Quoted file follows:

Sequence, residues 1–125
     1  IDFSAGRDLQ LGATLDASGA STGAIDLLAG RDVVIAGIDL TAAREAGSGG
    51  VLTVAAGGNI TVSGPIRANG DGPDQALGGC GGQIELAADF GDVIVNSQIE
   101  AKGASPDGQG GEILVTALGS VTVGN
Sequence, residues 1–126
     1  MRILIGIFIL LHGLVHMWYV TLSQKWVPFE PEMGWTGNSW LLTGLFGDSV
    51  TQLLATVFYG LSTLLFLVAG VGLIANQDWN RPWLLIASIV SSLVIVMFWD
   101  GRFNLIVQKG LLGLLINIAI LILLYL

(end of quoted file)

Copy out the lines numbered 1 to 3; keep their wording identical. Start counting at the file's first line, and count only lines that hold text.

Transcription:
Sequence, residues 1–125
     1  IDFSAGRDLQ LGATLDASGA STGAIDLLAG RDVVIAGIDL TAAREAGSGG
    51  VLTVAAGGNI TVSGPIRANG DGPDQALGGC GGQIELAADF GDVIVNSQIE